Meeting with a medical physicist who can explain how radiation therapy is planned and delivered may reduce patient anxiety and increase patient satisfaction throughout the treatment process, according to a new study published by Burmeister et al in the International Journal of Radiation Oncology • Biology • Physics. Findings of the randomized, prospective phase III clinical trial were also presented by Atwood et al at the 2022 American Society for Radiation Oncology (ASTRO) Annual Meeting (Abstract 7).
“This study is a wake-up call for medical physicists that there are new ways we can add value to patient care,” said Todd F. Atwood, PhD, lead author of the study and an Associate Professor and Senior Associate Division Director of Transformational Clinical Physics at the University of California, San Diego. “It illustrates how care teams can partner more effectively with patients as they make their treatment decisions and navigate the radiation therapy process.”
Role of Medical Physicists
Medical physicists work with radiation oncologists to ensure complex treatment plans are properly tailored to each patient. They also develop and direct quality control programs to make sure treatments are delivered safely, including performing safety tests on the equipment used in a patient’s treatment.
The new findings suggest that medical physicists also can supplement patient education and potentially improve patient outcomes by reducing patients’ treatment-related stress. “Patients increasingly want to be more involved with their care,” said Dr. Atwood. “They are looking for more information. Typically, they start by searching online, but what they’re finding is either nonspecific or just too complex. They have unanswered questions, which often lead to confusion, stress, and anxiety.”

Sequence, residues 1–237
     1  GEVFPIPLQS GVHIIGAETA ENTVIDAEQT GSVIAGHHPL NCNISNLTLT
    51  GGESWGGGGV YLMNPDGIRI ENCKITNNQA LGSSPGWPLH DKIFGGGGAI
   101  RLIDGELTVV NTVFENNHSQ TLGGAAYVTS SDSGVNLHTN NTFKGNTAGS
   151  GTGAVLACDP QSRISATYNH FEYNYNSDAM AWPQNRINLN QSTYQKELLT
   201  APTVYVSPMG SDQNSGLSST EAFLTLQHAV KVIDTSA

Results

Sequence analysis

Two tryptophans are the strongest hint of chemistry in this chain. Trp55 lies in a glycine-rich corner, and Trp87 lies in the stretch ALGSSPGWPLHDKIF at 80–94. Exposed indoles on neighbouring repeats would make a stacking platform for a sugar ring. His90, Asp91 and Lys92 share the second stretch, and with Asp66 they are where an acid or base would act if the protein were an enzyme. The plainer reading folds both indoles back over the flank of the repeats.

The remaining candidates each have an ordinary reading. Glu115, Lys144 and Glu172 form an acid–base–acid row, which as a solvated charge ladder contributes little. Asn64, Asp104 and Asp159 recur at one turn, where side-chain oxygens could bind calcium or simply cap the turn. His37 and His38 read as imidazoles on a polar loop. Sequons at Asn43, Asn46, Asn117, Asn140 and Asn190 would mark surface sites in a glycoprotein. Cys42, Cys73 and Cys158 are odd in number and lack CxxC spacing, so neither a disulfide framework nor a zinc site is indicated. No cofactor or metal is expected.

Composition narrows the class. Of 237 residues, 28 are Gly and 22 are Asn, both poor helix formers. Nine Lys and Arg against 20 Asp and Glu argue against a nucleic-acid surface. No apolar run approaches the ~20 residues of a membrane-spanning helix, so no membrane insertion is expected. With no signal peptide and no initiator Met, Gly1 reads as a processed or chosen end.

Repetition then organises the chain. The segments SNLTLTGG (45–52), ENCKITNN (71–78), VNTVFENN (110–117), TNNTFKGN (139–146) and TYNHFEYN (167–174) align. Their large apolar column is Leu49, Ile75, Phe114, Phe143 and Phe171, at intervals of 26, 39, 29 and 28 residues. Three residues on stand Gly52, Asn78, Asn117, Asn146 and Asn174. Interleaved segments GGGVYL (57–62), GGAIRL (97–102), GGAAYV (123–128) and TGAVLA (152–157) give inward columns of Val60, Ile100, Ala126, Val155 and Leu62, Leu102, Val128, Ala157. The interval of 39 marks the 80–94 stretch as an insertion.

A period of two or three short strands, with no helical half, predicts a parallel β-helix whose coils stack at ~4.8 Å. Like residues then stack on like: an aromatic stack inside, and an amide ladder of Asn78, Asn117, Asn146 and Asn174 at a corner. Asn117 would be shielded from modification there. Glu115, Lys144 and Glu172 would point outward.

Prior studies have shown patient-related stress can negatively impact outcomes after radiation therapy. Dr. Atwood and his colleagues hope that by reducing stress and anxiety related to their treatment, this approach may also contribute to better patient outcomes.
Current Study and Intervention
In this study, researchers randomly assigned 66 patients seeking external-beam radiation therapy into two treatment arms: one that would receive Physics Direct Patient Care (PDPC) prior to—and throughout—radiation treatment, and one that did not receive PDPC radiation therapy. Patients had different types of primary cancer, most commonly breast, gynecologic, or prostate cancers, and most were receiving radiation therapy for the first time.
In addition to traditional care, during which patients only discuss their treatment with their radiation oncologist, the PDPC group received two consultations prior to treatment with a medical physicist who explained the technical aspects of their care: how treatment is planned and delivered, how the radiation therapy technology works, and “everything that goes into keeping them safe during treatment,” explained Dr. Atwood. The medical physicist remained a resource for patients if additional questions arose at any point throughout the treatment process.
Before interacting with patients, the five medical physicists participating in the study completed a patient communication training program that included radiation oncology–specific lectures, role-playing exercises, simulated patient interactions and analysis, and supervised physician-patient consults that included an analysis of those interactions.
Changes in treatment-related anxiety, overall satisfaction with treatment, and satisfaction with their understanding of the technical aspects of care were measured over the course of treatment using patient-reported questionnaires.